(JTA) — Rabbi Harold Kushner, one of the most influential congregational rabbis of the 20th century whose works of popular theology reached millions of people outside the synagogue, has died.Kushner, who turned 88 on April 3, died Friday in Canton, Massachusetts, just miles from the synagogue where he had been rabbi laureate for more than three decades.
Kushner’s fairly conventional trajectory as a Conservative rabbi was altered shortly after arriving at Temple Israel of Natick when, on the day his daughter Ariel was born, his 3-year-old son Aaron was diagnosed with a fatal premature aging condition, progeria.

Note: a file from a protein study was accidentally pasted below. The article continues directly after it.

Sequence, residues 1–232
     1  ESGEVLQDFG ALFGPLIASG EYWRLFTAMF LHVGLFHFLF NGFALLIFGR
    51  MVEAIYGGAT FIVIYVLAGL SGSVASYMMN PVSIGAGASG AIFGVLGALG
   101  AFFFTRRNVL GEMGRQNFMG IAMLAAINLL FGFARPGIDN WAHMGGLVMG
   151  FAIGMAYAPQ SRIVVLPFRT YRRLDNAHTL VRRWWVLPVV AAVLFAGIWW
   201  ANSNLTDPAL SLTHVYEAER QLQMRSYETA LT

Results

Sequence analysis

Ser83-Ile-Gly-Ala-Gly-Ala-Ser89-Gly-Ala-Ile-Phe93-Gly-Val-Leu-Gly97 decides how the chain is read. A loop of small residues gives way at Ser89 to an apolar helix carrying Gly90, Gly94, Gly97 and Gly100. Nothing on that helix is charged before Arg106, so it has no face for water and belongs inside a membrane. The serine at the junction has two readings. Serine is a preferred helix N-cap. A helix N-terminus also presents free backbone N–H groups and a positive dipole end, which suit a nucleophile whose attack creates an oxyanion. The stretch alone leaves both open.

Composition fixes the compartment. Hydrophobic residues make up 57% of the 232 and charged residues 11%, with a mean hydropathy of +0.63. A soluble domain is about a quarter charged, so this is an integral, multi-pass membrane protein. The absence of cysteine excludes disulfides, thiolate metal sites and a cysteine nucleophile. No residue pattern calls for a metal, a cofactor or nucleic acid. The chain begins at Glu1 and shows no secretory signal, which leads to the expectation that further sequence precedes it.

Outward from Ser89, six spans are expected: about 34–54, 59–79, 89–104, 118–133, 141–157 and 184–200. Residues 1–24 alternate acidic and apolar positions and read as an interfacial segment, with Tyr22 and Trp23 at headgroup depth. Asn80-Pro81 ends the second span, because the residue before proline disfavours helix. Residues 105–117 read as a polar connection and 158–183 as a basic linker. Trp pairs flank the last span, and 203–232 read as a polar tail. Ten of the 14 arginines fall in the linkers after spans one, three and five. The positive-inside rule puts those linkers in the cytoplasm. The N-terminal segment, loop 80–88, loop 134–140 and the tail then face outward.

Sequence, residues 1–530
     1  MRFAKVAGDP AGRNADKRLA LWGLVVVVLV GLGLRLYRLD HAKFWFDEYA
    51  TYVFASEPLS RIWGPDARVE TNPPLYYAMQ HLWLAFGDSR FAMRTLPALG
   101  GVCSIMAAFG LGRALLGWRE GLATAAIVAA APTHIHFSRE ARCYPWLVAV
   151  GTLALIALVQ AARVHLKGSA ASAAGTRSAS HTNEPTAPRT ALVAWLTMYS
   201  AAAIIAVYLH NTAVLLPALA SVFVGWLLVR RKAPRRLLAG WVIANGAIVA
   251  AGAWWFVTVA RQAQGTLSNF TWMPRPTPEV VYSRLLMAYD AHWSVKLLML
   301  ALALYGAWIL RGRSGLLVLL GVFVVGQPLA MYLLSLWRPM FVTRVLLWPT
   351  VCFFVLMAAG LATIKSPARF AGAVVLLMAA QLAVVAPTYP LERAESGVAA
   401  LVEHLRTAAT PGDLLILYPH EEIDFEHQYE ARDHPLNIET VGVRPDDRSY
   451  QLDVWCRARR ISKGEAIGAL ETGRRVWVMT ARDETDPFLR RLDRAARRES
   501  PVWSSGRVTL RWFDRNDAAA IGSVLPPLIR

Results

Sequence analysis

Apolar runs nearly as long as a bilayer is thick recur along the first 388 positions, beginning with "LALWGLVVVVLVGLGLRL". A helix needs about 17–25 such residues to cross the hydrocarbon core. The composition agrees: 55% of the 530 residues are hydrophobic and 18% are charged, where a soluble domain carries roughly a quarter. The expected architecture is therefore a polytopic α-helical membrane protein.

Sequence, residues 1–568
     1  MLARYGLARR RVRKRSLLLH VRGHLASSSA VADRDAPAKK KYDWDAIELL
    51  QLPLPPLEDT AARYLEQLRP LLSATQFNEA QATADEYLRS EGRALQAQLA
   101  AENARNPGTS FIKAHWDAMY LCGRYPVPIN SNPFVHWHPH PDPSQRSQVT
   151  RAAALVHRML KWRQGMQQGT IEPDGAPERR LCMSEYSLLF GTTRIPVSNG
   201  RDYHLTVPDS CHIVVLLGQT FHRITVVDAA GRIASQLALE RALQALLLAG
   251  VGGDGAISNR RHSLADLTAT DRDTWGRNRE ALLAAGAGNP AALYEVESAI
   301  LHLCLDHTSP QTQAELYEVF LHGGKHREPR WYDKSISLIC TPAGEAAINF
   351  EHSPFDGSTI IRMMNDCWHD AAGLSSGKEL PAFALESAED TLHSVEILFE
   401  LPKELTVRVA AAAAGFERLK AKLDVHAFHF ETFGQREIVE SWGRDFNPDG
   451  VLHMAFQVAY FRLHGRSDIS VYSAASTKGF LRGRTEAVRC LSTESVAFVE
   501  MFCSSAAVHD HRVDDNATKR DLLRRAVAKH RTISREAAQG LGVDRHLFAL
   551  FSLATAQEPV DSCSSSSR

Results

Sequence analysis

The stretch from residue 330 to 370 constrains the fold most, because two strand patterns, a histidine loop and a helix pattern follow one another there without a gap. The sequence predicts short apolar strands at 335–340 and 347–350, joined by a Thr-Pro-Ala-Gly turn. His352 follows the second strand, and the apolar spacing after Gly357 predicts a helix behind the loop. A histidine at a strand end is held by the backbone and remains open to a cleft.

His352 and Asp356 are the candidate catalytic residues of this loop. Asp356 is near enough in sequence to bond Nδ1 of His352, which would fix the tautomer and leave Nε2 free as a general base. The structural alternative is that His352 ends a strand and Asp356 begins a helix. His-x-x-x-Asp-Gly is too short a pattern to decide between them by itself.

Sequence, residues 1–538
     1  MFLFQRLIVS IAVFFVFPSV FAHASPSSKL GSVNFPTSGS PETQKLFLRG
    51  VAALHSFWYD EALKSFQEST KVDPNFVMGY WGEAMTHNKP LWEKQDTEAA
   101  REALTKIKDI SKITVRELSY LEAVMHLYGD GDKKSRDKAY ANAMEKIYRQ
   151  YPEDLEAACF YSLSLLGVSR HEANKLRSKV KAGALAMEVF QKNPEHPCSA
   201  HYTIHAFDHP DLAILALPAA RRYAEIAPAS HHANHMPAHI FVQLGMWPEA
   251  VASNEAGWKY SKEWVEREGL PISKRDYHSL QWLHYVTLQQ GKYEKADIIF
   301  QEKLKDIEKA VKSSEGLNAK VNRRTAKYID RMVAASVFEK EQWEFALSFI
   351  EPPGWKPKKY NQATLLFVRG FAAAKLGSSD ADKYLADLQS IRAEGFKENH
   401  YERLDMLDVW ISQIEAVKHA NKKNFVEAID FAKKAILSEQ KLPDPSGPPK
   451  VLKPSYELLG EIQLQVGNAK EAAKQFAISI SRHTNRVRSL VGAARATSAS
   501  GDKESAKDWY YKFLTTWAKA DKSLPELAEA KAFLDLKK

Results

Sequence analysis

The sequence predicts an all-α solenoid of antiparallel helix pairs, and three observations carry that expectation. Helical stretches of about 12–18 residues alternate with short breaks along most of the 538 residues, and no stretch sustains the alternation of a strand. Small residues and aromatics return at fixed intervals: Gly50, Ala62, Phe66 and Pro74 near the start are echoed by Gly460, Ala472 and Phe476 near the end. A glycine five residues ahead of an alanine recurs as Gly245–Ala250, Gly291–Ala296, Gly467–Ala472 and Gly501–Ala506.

“When Bad Things Happen to Good People,” published in 1981, represented Kushner’s attempt to make sense of Aaron’s suffering and eventual death, just days after his 14th birthday. It was turned down by two publishers before being released by Schocken Books, a Jewish publisher.
In the book, Kushner labors to reconcile the twin Jewish beliefs in God’s omnipotence and his benevolence with the reality of human suffering. ”Can I, in good faith, continue to teach people that the world is good, and that a kind and loving God is responsible for what happens in it?” he writes.
Ultimately, he concludes that God’s ability is limited when it comes to contro …
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